Each year, the federal government releases a comprehensive database on mortgage lending activities across the US based on activity reported by lending institutions under the Home Mortgage Disclosure Act (HMDA). This year, there were a number of changes to the database; some changes from 2015 revisions expanded what we can know about mortgage applications (e.g., the age of borrowers) and other 2017-era changes limited that knowledge (e.g., suppressing applicant credit information). Read the report to see what the data reveals about mortgage lending activity in Philadelphia.
A newly released study by Reinvestment Fund details the volume and geographic distribution of eviction filings in the city of Philadelphia. The study updates our 2017 Evictions in Philadelphia research brief.
With support from the Vanguard Strong Start for Kids Program™, Reinvestment Fund conducted a first-of-its-kind study to estimate the supply of and demand for care specifically for the infant and toddler sector in Philadelphia. Combining a citywide provider survey and focus groups with providers from center- and home-based settings, this study sought to estimate the shortage of infant and toddler care across the city and to learn more about the providers offering infant and toddler care as well as the barriers that prevent other providers from entering the infant and toddler care market.
On April 9 – 10, Reinvestment Fund and the City of Kansas City, Missouri hosted the second Market Value Analysis Community of Practice (COP) convening. The COP brought together representatives from cities and organizations from around the country who use Reinvestment Fund’s Market Value Analysis (MVA) to inform community and economic development activities in their communities. This brief presents a summary of the panels, discussions, and key learnings from the event.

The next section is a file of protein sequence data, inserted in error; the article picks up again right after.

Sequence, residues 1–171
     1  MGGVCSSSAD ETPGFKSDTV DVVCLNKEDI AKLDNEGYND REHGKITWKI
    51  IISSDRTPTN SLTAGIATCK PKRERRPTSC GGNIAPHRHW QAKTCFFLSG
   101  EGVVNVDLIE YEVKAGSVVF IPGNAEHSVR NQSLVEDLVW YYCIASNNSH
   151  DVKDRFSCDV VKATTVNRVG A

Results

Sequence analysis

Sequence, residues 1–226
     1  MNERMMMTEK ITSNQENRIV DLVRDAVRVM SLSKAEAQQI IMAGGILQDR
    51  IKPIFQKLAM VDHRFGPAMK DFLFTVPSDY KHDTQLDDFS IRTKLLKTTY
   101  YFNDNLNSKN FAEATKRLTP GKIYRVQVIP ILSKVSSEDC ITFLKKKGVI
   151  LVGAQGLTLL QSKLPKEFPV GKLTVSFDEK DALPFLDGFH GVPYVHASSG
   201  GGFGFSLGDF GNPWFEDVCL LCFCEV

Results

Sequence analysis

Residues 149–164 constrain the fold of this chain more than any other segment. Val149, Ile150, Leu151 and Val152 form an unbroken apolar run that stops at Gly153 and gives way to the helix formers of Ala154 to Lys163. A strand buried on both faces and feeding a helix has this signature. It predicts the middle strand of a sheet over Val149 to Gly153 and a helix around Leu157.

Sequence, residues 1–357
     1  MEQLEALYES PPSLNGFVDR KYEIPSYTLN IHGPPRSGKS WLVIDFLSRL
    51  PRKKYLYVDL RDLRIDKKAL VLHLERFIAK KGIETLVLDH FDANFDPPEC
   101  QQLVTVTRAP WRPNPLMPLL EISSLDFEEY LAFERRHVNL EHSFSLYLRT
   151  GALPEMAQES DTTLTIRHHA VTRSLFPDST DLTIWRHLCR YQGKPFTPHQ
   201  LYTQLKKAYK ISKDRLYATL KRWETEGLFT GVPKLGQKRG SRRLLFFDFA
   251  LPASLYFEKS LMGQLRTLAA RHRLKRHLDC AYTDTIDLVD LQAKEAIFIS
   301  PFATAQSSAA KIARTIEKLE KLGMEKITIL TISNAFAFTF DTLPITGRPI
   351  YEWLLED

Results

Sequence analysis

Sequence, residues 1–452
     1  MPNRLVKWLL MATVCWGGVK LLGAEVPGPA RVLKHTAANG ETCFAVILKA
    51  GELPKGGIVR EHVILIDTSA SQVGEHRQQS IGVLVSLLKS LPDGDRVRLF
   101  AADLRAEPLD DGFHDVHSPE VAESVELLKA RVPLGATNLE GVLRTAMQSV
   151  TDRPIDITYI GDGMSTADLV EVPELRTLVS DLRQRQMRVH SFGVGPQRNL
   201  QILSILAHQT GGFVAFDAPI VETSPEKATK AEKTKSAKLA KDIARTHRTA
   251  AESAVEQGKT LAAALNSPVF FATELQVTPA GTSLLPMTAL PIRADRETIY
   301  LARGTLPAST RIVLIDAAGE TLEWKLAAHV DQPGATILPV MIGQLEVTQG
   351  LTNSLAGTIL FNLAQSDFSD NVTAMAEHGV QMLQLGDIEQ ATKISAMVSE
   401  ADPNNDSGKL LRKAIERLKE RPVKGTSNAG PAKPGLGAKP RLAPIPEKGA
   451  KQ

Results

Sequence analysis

A working paper exploring the Naturally Occurring Affordable Housing (NOAH) phenomenon. The paper derives learnings from interviews conducted with practitioners, funders, developers and policymakers. Those learnings are also rooted in data on the NOAH stock and the types of markets wherein NOAH seems to be most effectively created. The paper concludes with a thought experiment about how the power of the market could be harnessed to support the production and preservation of NOAH for modest-income households in a way that is both responsive to the realities of the housing market in general as well as to local market conditions.
Throughout its history, the Pennsylvania’s HEMAP has received great acclaim for its design and impact. HEMAP is a program that was designed to provide temporary assistance to families who, through not fault of their own, were seriously delinquent with their home mortgage. Reinvestment Fund released a Research Brief titled “What if Pennsylvania Had Not Had HEMAP?” in 2012. At the time, Pennsylvania, like much of the United States, was climbing out of the throes of one of the most significant recessions in our nation’s history.
This Research Brief follows the impact of the program since that time. This Brief builds on annual counts of applications and loans, and attaches a financial impact to the saving of thousands of mortgage foreclosures that HEMAP prevents in the Commonwealth of Pennsylvania. With the decline in foreclosures and general improvement in the financial condition of the Commonwealth’s residents and housing and mortgage markets since 2012, HEMAP application and origination volume has dropped off. But with an annual operating cost of under $3 million per year for staff, counseling and program administration, HEMAP continues to have an impact across the Commonwealth that exceeds many times its cost.